Russian Empire

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Russian Empire

1. (Historical Terms) the tsarist empire in Asia and E Europe, overthrown by the Russian Revolution of 1917
2. (Government, Politics & Diplomacy) the tsarist empire in Asia and E Europe, overthrown by the Russian Revolution of 1917
Collins English Dictionary – Complete and Unabridged, 12th Edition 2014 © HarperCollins Publishers 1991, 1994, 1998, 2000, 2003, 2006, 2007, 2009, 2011, 2014


(ˈrʌʃ ə)

1. Also called Russian Empire . Russian, Rossiya. a former empire in E Europe and N and W Asia: overthrown by the Russian Revolution 1917. Cap.: St. Petersburg (1703–1917).
4. a republic extending from E Europe to N and W Asia. 146,393,569; 6,592,849 sq. mi. (17,075,400 sq. km.). Cap: Moscow. Official name, Russian Federation. Also called Rus′sian Repub′lic. Formerly (1918–91), Russian Soviet Federated Socialist Republic.
Random House Kernerman Webster's College Dictionary, © 2010 K Dictionaries Ltd. Copyright 2005, 1997, 1991 by Random House, Inc. All rights reserved.
References in classic literature ?
Having decisively thrashed the great Russian Empire, Japan promptly set about dreaming a colossal dream of empire for herself.
On feast-days he entertained as many as three hundred guests, and they numbered seven hundred on the thousandth anniversary of the foundation of the Russian Empire. It amounts to a passion with him; it makes one uneasy to hear of it.
But in spite of the two hundred guests and the thousandth anniversary of the Russian Empire, I can see that he is a very remarkable man.
The concept of rule by law was never strong in the Russian empire. Instead of legal obligations there were the obligations of the extended family or network, dividing the world into those you owe and those you don't.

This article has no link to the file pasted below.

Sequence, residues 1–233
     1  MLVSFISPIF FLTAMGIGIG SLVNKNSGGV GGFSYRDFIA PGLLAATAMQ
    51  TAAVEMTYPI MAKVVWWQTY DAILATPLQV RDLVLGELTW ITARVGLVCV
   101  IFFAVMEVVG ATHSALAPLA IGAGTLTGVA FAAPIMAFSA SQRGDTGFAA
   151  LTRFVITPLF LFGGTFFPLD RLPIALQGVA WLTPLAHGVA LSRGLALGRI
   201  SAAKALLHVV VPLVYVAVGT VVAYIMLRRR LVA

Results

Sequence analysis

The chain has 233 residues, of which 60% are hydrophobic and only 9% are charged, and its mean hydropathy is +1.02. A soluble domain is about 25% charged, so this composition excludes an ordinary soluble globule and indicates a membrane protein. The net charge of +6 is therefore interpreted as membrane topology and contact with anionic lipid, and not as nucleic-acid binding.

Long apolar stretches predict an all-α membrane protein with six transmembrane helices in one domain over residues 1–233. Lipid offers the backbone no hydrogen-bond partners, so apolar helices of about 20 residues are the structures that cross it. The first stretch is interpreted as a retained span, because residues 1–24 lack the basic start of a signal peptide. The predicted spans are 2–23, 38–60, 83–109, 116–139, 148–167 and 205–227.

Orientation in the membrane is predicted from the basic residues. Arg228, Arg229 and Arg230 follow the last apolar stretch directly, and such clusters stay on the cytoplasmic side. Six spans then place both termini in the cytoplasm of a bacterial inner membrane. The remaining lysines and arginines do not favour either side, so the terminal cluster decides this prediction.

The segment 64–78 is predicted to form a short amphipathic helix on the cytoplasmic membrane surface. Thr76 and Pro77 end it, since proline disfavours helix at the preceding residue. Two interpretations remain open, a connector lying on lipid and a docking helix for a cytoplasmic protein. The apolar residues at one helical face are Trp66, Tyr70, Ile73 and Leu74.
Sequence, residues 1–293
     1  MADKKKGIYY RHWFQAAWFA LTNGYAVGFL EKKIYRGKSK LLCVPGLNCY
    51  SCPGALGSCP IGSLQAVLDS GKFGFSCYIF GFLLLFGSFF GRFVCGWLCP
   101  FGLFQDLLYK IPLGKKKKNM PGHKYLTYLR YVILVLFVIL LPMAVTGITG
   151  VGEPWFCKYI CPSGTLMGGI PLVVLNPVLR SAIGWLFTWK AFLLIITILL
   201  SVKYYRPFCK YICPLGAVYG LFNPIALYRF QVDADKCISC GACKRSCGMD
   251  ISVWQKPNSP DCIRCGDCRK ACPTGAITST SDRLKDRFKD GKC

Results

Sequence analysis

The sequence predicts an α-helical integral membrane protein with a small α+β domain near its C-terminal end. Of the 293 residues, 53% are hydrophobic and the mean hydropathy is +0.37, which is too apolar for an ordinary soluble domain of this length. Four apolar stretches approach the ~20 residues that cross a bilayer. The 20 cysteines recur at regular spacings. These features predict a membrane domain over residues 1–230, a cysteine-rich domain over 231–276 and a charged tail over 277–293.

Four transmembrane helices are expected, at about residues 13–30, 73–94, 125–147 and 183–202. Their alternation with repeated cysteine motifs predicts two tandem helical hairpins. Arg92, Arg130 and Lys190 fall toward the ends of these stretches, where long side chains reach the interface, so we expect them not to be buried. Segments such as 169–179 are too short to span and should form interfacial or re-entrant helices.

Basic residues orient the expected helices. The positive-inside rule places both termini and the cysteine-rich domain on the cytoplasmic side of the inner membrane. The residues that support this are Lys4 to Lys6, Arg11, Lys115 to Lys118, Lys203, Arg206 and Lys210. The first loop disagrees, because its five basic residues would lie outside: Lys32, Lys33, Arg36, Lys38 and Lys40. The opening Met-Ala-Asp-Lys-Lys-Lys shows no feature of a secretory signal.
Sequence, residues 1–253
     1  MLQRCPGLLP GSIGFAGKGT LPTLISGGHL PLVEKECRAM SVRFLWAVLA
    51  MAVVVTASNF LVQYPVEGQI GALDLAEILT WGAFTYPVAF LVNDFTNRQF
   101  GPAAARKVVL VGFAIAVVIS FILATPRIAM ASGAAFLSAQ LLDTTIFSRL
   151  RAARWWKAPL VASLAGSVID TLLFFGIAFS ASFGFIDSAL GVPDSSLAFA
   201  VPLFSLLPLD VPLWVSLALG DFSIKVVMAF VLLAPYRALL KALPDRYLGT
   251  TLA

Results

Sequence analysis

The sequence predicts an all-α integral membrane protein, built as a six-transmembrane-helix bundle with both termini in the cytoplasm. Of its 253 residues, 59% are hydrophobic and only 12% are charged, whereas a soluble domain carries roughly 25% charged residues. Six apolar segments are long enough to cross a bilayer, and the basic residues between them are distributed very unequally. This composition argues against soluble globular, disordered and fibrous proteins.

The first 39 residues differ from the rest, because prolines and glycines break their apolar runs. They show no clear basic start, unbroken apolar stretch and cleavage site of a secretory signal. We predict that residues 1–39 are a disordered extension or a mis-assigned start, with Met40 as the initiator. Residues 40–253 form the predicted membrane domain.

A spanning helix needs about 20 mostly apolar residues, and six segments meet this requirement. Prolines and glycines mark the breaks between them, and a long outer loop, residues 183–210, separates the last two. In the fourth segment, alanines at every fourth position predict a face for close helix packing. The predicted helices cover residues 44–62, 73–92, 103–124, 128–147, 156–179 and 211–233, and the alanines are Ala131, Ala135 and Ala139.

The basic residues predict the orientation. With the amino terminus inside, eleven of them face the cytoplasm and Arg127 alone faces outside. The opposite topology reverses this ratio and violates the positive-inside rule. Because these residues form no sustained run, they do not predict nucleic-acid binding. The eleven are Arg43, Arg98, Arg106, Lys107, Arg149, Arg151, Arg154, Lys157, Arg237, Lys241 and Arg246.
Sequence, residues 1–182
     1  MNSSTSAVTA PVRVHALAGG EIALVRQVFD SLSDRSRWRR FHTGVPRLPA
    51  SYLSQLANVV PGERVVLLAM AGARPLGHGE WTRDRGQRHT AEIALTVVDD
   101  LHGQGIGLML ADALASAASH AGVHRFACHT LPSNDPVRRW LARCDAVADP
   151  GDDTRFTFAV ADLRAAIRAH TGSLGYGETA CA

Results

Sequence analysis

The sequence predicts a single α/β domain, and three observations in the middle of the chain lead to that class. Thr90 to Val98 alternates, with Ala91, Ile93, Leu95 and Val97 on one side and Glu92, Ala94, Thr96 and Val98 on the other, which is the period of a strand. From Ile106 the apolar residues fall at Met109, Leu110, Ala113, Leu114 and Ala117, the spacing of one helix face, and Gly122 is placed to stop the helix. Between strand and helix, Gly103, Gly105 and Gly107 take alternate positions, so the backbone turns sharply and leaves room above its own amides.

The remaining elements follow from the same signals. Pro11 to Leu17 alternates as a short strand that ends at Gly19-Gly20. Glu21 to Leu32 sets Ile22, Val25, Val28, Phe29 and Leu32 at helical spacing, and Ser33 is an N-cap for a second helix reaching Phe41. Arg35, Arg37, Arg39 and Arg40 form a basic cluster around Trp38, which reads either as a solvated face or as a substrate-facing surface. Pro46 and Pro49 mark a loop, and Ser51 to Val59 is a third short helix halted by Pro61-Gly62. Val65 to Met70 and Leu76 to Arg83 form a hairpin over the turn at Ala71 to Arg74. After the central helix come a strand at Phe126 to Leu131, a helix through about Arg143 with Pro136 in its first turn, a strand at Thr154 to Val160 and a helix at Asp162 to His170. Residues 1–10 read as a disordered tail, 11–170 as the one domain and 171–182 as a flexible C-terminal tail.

And now three new Slavonic states reappear after some 250 years in the Russian empire -- Byelorussia, The Ukraine and Russia.
During this time, he consolidated the Muscovite state, the core of the future Russian empire, and gained an undying reputation for ferocious cruelty toward his enemies -- a predilection which alternated with bouts of sensuality and piety.
Although accounts of the early modern period typically end with the accession of Peter the Great [1682-1725], who proclaimed Muscovy the Russian Empire and shifted Russia's geopolitical orientation from the Eurasian Steppe toward Europe, Kollmann ends her account in 1801.
Nancy Shields Kollmann, The Russian Empire, 1450-1801.
One of such "significant" events for the "faithful nation" was the weakening of the Ottoman Empire, as a result of which Armenian gangs rebelled in a number of areas of present-day Turkey and found support from the Russian Empire.
In 17 full and revised papers presented at a May 2011 conference in Sophia, Bulgaria, historians and scholars of Islam trace the historical destiny of the mufti's (local Islamic leader) institution, identify the main challenges it is facing now, and forecast the future of Islamic leadership in the European lands that were part of either the Ottoman or the Russian empire. Their topics include a historical retrospective on muftiship: muftis, state muftis, and official muftis; the Ottoman and Yugoslav legacy; Albania, Romania, Islamic leadership: the Russian and Soviet legacy; Lithuania; Ukraine; and drawing parallels.
Steinberg was born on October 30, 1900 in Kishinev (or ChiEinAu), in the Russian Empire, which is now the capital of Moldova.

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